During this time you should make sure that your dog wears a cone for at least 10 to 14 days following their surgery. This is important to ensure that they don’t accidentally infect or reopen their wound by licking or biting it.

In most cases, complications following a spaying procedure occur because the dog is allowed to lick or bite at their spay wound.

When your dog first arrives home, the incision will be swollen, bruised and covered by an adhesive bandage. Once 24 hours have passed, you will be able to remove their bandage. Once 48 hours have passed, the swelling and bruising will subside.

During the first five days post-operation, it is absolutely paramount that your female dog’s cone is on at all times and that they aren’t able to bite or lick their wound. If you do think they can get to their wound, you should not leave your dog alone after spaying.

This is because this is the timeframe wherein the wound is most vulnerable to infection.

Once the first five days have passed, you can remove your dog’s cone for shorter amounts of time. However, this should only be done under your full supervision, and you should still make sure that they don’t try to lick or bite at the wound.

By the time 10 days have passed, the incision should have closed up, and your dog should be able to have their cone removed. However, a lot of owners opt to keep the cone on for the full 14 days to make sure the incision is fully healed and isn’t vulnerable to reopening or a potential infection.

During this recovery period, you should also make sure your dog doesn’t jump, run, or play too rambunctiously. If they’re too active, the wound might reopen.

Why you should spay your female dog

Unless you are planning on breeding your dog as part of a registered breeding programme, the most responsible thing you should do as the owner of a female dog is to get them spayed. Spaying your dog is beneficial for a number of reasons.

As well as reducing their chances of getting illnesses such as uterine infections and mammary cancer, being spayed will prevent your dog from going into heat.

This will stop them from engaging in behavioural issues like ‘spraying’ their urine and will also stop male dogs from trying to mate them, as they will no longer be able to produce the pheromones that indicate to male dogs that they are in heat and ready for mating.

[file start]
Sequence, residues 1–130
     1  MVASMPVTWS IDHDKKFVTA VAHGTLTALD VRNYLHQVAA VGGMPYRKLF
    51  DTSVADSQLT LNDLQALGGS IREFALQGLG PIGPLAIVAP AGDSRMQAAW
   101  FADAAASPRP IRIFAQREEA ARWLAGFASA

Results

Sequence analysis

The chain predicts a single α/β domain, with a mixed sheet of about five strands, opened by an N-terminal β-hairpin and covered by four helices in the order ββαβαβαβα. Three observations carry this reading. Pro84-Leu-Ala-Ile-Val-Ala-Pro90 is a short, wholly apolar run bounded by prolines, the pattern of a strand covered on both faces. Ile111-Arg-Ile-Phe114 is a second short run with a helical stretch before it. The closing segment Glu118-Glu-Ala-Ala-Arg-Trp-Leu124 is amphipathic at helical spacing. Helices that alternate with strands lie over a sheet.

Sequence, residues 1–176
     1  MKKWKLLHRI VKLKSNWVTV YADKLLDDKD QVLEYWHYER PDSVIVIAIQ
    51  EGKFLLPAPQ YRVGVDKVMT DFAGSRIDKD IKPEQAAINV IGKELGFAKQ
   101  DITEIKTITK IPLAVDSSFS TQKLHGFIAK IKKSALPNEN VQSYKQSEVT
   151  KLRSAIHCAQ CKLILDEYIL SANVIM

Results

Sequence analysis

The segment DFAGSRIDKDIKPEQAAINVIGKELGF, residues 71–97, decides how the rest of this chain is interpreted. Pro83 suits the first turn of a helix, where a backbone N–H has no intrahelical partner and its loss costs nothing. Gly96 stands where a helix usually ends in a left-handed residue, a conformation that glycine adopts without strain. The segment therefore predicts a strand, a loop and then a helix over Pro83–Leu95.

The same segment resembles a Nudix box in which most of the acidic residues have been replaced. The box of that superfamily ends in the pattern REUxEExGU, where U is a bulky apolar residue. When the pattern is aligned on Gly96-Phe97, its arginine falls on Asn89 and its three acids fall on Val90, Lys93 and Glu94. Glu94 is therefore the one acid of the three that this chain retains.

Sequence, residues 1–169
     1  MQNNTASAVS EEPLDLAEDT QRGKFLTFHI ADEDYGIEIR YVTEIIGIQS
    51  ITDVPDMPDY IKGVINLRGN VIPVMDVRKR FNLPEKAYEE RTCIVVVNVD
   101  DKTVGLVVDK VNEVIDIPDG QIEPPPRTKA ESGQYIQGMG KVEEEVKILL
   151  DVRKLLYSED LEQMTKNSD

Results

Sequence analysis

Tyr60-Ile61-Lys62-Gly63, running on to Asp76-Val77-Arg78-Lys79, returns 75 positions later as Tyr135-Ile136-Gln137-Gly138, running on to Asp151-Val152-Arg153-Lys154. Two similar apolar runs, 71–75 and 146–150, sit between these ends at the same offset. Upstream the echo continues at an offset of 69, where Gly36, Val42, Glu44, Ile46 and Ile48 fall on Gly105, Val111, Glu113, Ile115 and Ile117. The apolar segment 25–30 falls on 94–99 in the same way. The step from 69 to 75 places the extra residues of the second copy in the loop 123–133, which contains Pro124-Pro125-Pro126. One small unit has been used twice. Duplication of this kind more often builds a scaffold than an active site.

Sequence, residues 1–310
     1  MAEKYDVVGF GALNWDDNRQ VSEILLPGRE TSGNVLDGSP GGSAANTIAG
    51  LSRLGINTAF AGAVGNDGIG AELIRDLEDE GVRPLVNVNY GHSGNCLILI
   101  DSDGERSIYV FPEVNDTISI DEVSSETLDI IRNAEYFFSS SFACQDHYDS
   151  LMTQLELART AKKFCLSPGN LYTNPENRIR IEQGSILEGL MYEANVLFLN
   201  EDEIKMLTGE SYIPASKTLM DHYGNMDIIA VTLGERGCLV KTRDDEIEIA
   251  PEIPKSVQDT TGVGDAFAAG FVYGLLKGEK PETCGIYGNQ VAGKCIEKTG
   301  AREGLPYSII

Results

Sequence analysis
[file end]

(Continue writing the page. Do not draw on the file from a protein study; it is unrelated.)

Handy Hint: If you are breeding your dog, here are some ways you can help to encourage heat to come on faster.

As for the procedure itself, spaying involves the removal of a female dog’s reproductive organs, such as their ovaries and uterus. This procedure, as well as sterilizing your dog, will prevent them from producing the hormones (oestrogen and progesterone) that usually kick-start their heat cycle.

Conclusion

The early days of a dog’s recovery after being spayed are the most crucial ones, so you should make sure you are around as much as possible to make sure that everything is on track, and that they’re as comfortable as possible.

If you notice any unusual changes or complications, it is important to contact your vet immediately. 

As a dog owner, it is your responsibility to ensure that your dog’s incision heals correctly and doesn’t come infected. You can do this by remaining vigilant to any changes in the wound and by ensuring that your dog is wearing a cone in order to stop them biting and licking it. 

The bottom line is, don’t leave your dog alone after spaying if you think their wound is at risk of being compromised when healing.

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Image in header licensed via storyblocks.com

Marc Aaron

I write about the things I've learned about owning a dog, the adventures we have, and any advice and tips I've picked up along the way.